Dependence of Polar Low Development on Baroclinicity and Physical Processes: An Idealized High-Resolution Numerical Experiment
Journal of the Atmospheric Sciences
Polar low dynamics in an idealized atmosphere in which baroclinicity, stratification, and average temperature are varied in the typically observed range is investigated using a 5-km-resolution nonhydrostatic model. The baroclinicity is found to be the most important factor that strongly controls the polar low dynamics. When the baroclinicity is weak, a small, nearly axisymmetric vortex develops through a cooperative interaction between the vortex flow and cumulus convection. The surface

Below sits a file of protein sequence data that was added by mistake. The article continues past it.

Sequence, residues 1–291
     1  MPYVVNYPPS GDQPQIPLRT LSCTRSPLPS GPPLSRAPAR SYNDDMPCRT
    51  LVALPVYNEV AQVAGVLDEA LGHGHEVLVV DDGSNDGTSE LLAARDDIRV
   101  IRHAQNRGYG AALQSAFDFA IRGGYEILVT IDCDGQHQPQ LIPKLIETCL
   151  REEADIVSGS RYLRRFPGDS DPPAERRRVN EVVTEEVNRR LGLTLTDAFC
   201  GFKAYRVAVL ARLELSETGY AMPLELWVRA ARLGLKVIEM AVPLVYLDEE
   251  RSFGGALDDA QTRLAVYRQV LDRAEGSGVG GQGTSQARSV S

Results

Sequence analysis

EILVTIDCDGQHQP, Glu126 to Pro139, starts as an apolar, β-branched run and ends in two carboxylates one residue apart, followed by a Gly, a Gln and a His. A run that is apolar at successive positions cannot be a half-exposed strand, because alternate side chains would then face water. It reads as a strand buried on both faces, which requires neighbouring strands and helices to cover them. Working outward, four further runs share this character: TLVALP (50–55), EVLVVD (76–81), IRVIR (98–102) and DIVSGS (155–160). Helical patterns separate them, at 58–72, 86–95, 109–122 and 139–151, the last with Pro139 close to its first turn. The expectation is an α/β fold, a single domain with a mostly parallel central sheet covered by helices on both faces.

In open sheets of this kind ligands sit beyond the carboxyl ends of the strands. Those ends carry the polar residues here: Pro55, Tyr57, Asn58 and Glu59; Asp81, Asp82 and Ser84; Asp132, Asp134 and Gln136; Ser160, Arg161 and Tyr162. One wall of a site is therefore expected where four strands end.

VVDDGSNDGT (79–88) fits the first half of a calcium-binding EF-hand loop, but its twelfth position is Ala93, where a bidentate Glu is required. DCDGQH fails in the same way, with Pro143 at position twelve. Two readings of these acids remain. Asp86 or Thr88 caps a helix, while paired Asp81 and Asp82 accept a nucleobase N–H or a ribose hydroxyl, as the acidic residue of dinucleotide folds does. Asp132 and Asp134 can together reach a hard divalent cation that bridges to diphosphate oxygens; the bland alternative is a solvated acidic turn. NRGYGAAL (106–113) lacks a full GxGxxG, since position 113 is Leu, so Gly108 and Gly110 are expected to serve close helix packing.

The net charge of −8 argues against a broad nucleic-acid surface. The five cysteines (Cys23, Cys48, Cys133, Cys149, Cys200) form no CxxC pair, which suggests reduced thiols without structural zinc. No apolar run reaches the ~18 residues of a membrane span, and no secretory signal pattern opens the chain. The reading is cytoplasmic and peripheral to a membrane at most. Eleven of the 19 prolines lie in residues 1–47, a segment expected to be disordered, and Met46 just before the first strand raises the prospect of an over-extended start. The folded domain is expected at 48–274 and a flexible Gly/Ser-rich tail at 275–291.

... The surface friction promotes the vortex dynamics by transporting the sensible heat and moisture into the vortex center. The vortex development has a strong sensitivity to the initial perturbation. As the baroclinicity is increased, most of the characteristics of polar low dynamics change smoothly without showing any significant regime shift. The vortex for an intermediate baroclinicity, however, moves northward, which is a unique behavior. This is caused by vortex stretching on the northern side of the vortex where intense convection produces a stronger updraft. When the baroclinicity is strong, a larger vortex with a comma-shaped cloud pattern develops. The condensational heating, baroclinic conversion from the basic available potential energy, and conversion from the basic kinetic energy through the vertical shear all contribute to the vortex development, which depends little on the initial perturbation. The above relations between baroclinicity and vortex dynamics are proved to be robust in the typically observed range of stratification and average temperature.